Worldwide medical guidelines adapted after Maastricht research

Worldwide medical guidelines adapted after Maastricht research

2021 Dissertation Prize for Estelle Nijssen

17-05-2022 · Interview

It is not often that research has an almost immediate and worldwide effect. But it was exactly what happened with the PhD research by Estelle Nijssen, staff researcher Imaging at MUMC+ and CARIM. Together with her team, she looked into the benefit of administering fluids prior to an examination with contrast fluid containing iodine, in order to prevent kidney damage in vulnerable patients. She received the 2021 Dissertation Prize during the Dies Natalis celebrations in the Sint Janskerk on Thursday.

In the Netherlands alone, contrast fluid is used more than a million times every year. It is administered to patients beforehand so that, for example, the organs and blood vessels show better at a CT scan or angioplasty. This could be damaging to patients with weak kidneys, such as the elderly or those suffering from kidney conditions. It is called Contrast Nephropathy: acute kidney damage two to five days after the scan.

Once the damage has occurred, nothing can be done about it, so a great deal of attention was paid to prevention in patients who were at risk. Administering fluids, via a drip, could make the contrast fluid less harmful. “The drip is quite invasive for the patient,” says Nijssen. “They have to be hospitalised for at least a day. Furthermore, kidney problems often go hand in hand with heart problems and the heart can’t always deal with the extra fluid. In those cases, it was administered slowly, spread out over 24 hours.” A person is in hospital all that time. “While the eventual scan without the need for administering fluids doesn’t require hospitalisation and is completed quickly. Scans were sometimes even postponed because there was no bed available.” Then there are also the financial costs: 50 to 100 million per year in the Netherlands.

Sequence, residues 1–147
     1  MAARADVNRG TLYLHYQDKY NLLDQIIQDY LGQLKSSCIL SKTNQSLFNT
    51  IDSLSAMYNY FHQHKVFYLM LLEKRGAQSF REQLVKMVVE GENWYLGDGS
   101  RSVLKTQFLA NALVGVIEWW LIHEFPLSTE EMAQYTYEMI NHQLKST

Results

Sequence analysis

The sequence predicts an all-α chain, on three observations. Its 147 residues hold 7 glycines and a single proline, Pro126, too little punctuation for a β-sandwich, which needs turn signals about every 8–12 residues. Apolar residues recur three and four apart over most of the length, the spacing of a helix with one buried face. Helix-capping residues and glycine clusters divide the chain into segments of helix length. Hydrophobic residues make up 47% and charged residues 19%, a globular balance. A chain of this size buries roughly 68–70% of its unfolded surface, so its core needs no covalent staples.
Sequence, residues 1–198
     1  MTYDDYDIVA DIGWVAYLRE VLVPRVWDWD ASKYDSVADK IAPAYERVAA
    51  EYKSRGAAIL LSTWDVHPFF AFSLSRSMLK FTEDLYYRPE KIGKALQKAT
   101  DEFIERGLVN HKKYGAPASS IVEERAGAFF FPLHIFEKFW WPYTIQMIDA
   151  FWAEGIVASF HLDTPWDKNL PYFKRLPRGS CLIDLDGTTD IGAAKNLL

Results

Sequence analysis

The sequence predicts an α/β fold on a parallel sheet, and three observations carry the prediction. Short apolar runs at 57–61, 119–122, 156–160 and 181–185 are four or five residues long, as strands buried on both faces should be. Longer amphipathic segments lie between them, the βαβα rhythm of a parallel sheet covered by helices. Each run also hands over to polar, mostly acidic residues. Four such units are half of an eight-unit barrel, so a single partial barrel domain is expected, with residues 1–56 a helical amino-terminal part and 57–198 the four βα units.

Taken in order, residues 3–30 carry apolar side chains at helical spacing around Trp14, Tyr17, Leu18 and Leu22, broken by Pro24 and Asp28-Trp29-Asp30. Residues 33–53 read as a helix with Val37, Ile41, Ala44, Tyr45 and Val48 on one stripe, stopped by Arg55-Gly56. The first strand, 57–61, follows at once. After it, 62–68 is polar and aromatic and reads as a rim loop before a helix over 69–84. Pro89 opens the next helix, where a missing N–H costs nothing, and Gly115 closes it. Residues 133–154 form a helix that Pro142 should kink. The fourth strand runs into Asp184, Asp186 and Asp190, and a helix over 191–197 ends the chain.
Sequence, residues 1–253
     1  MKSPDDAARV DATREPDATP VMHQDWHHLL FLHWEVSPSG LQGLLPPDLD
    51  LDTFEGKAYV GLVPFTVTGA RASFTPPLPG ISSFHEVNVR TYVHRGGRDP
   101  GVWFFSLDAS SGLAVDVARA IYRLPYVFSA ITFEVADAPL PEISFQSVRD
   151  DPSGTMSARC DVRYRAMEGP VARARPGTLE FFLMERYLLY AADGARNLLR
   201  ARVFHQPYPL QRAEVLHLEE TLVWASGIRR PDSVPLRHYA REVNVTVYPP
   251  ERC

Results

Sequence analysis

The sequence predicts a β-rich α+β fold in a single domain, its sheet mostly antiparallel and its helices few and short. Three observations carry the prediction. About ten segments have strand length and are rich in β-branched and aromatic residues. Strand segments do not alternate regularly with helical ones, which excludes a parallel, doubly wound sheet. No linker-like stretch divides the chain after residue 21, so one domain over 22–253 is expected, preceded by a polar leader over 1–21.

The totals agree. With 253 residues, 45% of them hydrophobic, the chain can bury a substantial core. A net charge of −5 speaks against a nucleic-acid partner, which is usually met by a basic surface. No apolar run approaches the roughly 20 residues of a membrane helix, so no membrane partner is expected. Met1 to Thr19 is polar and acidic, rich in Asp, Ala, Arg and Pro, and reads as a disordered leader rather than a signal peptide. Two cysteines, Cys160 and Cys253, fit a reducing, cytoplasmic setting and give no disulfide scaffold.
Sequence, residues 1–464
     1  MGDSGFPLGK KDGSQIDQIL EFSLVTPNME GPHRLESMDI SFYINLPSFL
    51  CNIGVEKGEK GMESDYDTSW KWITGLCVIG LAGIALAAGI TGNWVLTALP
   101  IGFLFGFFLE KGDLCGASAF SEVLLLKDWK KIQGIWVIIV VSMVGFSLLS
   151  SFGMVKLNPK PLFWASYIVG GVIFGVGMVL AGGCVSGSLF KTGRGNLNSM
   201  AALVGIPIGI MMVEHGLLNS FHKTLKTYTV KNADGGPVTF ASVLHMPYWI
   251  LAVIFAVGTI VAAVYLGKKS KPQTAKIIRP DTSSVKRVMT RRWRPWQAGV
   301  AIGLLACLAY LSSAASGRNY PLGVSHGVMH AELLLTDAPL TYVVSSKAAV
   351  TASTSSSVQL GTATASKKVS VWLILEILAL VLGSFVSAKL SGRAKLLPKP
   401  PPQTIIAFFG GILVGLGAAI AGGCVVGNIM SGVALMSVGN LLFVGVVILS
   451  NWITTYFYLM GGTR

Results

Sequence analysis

No control groups

Nevertheless, these were the guidelines everywhere in the world. “In the Netherlands, it was even a requirement, and strict checks were carried out in hospitals.” What surprised Nijssen when she looked at the literature was the fact that there was no study that included a control group. “All research compared the one form of hydration with the other, no one had worked with a control group that didn’t receive fluids and that’s the only way to find out if something really works.” That was the reason for the AMACING study, a collaboration between the departments of Internal Medicine, Cardiology and Imaging of the MUMC+.

Hundreds of at-risk patients who, for all kinds of reasons, were given contrast fluid, participated in the study. Half were given fluids the other half were not. To everyone’s surprise, including the research team themselves, there was absolutely no difference between the two groups. “You can measure kidney damage in the blood using a certain substance. In both groups it was almost the same; 2.6 and 2.7 per cent. Nobody needed dialysis, we saw no related deaths. What we did see, was that patients who were given fluids beforehand had side effects, such as heart failure and tightness of the chest. So, it had no advantages, but disadvantages.”

Abolishing guidelines

Nijssen and her team published the results in The Lancet and after that it took off. “Within a year, the guidelines were adapted, and these patients were no longer given extra fluids, everywhere. I was surprised at the speed, I expected others to first repeat the research. Although the results were very clear.”


The Dissertation Prize came as a complete surprise. “That is what I like so much about it. For a lot of prizes, you have to put yourself forward and I am not really one for stages and cameras. I had absolutely no idea about this. It also comes at a great moment. We have just submitted a new article with the five-year results and that means that this project is completely finished.”

Author: Cleo Freriks

Photo: Joey Roberts

Categories: news_top, Science
Tags: diesnatalis2022,dissertation prize,amcing,mumc+,carim,research,study,kidney,heart,instagram

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